The border is the most significant barrier to getting in or out of Timbergorge. Magical protection might work; all the article says is that "approaching the flame without protection would melt the flesh from one's bones". Each end of the Cold River, which flows from the north to the south, is veiled by steam or mist; it's possible that that one could escape through the water, but rocks, shallows and other factors have prevented the Metsuri from trying.

A sidebar actually addreses the problem of getting to Timbergorge, offering three ways. Firstly, Aurusel might actually recruit the players to investigate Timbergorge and see about reclaiming it for him. Secondly, an exploration into the Underfell (even as a 4e fan, I admit that "Shadowdark" is a hard swallow) might bring the party up into Timbergorge - keeping them in the valley could be done by the simple expedient of having roots quickly seal up the tunnel behind them. Finally, the party could get lost in thick fog, or the smoke of a burning building or forest fire, and find themselves transported to the outer reaches of Timbergorge's interior.

Approximately halfway down the Cold River's length, on its western bank, one can find the ruins of the original Metsuri homestead; clan heirlooms and treasures remain here, buried in the wreckage, but superstition and caution - Silvermaw patrols here often in order to be certain the Metsuri aren't trying to rebuild - keeps the Metsuri well away. Instead, they live a nomadic lifestyle, dwelling in tent villages that they constantly move around the valley, often splitting into smaller groups to minimize the risk of attracting Silvermaw's presence.

Across the Cold River, one can find the Spires of Lost Friends. This is where it all began; the place where the Metsuri first camped in the Green Quills, and accidentally caused a forest fire. This region of 100 or so trees never healed or truly died from that fire; instead, blackened limbless trunks stand almost proudly in the middle of a vast ashfield. Silvermaw has taken to impaling every Metsuri that he can get his hands on atop one of the charred trees - preferably alive, since that way he can trust to the Metsuri's regenerative abilities to keep them alive and in agony for days at a time. His fondest wish is to have at least one corpse atop every single one of the burned conifers. Of course, this is horrifying and blasphemous to the Metsuri, and they will always do whatever they can to help their dying escape Silvermaw's clutches. When they can, they'll even make sporadic raids to retrieve the bodies of the dead so they can be given a proper burial.

Dead south of the Metsuri homstead, one can find a stone cliff that looms over the Cold River. It looks roughly like a face, and the fey of Timbergorge insist that it bears the visage of Aurusel - hence, it's common name: "The Face of Aurusel". Members of the Sunlit Circle, a druidic cabal offshoot of the Metsuri, bring the face offerings, and they believe they can talk to the land through it. Silvermaw believes that the stone enables Aurusel to judge him; to the treant, it frowns upon him, and will only smile once every last Metsuri is dead.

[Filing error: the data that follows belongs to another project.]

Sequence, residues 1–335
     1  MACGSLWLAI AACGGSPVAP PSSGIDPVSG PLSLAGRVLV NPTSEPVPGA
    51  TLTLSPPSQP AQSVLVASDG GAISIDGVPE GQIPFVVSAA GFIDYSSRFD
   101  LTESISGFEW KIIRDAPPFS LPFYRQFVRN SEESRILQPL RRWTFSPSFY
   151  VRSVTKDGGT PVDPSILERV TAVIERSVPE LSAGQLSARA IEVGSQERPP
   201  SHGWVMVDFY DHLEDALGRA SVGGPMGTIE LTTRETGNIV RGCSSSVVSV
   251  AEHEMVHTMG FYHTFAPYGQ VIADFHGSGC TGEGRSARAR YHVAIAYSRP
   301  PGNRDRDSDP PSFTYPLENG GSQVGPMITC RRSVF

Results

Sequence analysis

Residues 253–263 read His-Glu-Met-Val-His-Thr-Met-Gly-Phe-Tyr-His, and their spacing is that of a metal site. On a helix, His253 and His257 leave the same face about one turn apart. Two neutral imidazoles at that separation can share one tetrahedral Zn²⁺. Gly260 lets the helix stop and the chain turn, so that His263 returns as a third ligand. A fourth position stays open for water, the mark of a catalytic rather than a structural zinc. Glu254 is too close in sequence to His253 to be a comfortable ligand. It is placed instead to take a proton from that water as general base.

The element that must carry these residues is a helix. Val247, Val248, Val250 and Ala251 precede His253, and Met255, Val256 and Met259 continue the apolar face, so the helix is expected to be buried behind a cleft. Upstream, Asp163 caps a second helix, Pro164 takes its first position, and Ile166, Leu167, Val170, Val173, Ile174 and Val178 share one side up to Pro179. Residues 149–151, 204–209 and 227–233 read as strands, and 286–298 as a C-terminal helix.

The last place of note within Timbergorge is Silvermaw's secluded grove, which lies somwhere across the river to the east of the Face of Aurusel, according to the map. The Metsuri have yet to find the place, and so it's Silvermaw's place of sanctuary. When he's not on the warpath, the treant stands in the center of the grove, sulking and pondering his next move.

Closing Thoughts:
I really, really like this article. It shows just how far Ravenloft can go when it embraces its D&D origins, instead of trying to clumsily ape Gothic Horror tropes. Ravenloft canon is crawling with Darklords who are vampires, werebeasts or just horrible humans; this article, like its precursor Monadhan, shows it's just as possible to make a horrible yet tragic villain out of nonhumans. There was never a treant darklord in Ravenloft, although "Blackroot" the Undead Treant of Forlorn comes close, but Silvermaw is really quite a believable and even sympathetic one.

If I do have a complaint about this article, it's that it's kind of undercut by its shortness. All of the articles in this series have at least given some nod towards actually playing a "native born" campaign, and even Sunderheart and Graefmotte do that pretty well, but this one... there's just no real detail on who's here outside of Silvermaw and the Metsuri.

Still, for an official ending of the Domains of Dread line? I think this is a good, solid article to end on. But we're not quite done yet. Due to popular demand, I'll give us all a look at Eye on Dark Sun: Kalidnay before I bring this thread to its conclusion. Keep the flame alive, my friends.


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I find Timbergorge very intriguing and evocative. My only real objection is the initial sin: an overzealous treant killing some mostly-innocent humans hardly seems like a proper Start of Darkness for a Darklord. Silvermaw's relentless quest to slaughter those he perceives as his enemies is good, as is his creepy self-destruction; and the werewolf curse is nicely creepy. I just feel like "treant kills humans, a fire starts, an archfey overreacts" is a weak origin.